Mike Maguire / Creative Commons

President Donald Trump’s executive order blocking refugees and banning citizens from seven Muslim-majority countries from the United States has ignited protests around the country.

This hour, we get reactions from Connecticut and learn how the travel ban could impact some of our residents.

Ryan Caron King / WNPR

Plans for at least a dozen refugee families scheduled to arrive in New Haven in the next few weeks have been thrown into question after President Donald Trump announced his new executive order on immigration. 

President Donald Trump has signed executive orders this week that look to bolster Immigration and Customs Enforcement – the department that leads deportations. Itzel Cabrera of New Haven is worried her family will be separated.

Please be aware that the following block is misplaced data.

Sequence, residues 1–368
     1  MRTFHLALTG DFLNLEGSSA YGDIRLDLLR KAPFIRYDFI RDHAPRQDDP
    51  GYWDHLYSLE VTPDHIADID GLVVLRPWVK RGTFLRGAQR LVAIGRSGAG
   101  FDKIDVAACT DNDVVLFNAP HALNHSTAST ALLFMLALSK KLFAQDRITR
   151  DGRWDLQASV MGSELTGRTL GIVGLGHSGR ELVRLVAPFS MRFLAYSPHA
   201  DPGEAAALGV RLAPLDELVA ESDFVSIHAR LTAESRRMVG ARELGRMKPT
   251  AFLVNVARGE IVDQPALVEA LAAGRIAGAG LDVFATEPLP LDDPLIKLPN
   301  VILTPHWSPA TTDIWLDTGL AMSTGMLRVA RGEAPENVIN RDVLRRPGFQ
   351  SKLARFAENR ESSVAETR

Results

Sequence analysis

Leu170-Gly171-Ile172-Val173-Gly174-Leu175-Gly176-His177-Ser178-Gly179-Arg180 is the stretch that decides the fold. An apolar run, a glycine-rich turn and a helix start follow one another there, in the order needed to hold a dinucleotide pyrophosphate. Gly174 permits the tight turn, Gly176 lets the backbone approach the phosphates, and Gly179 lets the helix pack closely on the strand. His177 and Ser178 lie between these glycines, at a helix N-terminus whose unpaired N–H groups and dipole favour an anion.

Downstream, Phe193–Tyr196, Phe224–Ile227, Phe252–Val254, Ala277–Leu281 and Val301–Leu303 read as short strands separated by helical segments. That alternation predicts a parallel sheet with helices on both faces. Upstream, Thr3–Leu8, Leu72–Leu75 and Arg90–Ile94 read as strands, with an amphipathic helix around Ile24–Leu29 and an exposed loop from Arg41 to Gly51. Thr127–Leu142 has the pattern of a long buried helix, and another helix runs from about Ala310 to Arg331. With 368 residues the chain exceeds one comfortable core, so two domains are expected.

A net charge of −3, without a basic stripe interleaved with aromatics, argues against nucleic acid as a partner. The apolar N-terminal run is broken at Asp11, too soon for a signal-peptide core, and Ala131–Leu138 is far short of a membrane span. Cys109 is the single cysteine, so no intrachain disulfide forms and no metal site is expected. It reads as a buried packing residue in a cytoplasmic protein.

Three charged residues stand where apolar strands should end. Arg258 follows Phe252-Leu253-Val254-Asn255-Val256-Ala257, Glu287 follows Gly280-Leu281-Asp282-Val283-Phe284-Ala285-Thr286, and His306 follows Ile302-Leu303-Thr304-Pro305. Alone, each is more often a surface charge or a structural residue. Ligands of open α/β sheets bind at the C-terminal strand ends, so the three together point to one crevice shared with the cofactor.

President Trump's executive order on immigration late Friday ignited nationwide protests — and a slew of legal challenges.

At least four federal judges across the country have blocked part of the order and temporarily ensured refugees and travelers who reached U.S. soil would not be deported.

Here's an explanation of what happened so far and what could come next.

Ryan Caron King / WNPR

Connecticut residents gathered on Sunday in opposition to President Donald Trump's executive order on immigration.

Updated at 6:55 p.m. ET

They began Saturday as a series of pop-up demonstrations outside several major airports. But by Sunday, the protests against President Trump's temporary immigration freeze had leapt from those airports to squares and plazas in cities across the U.S.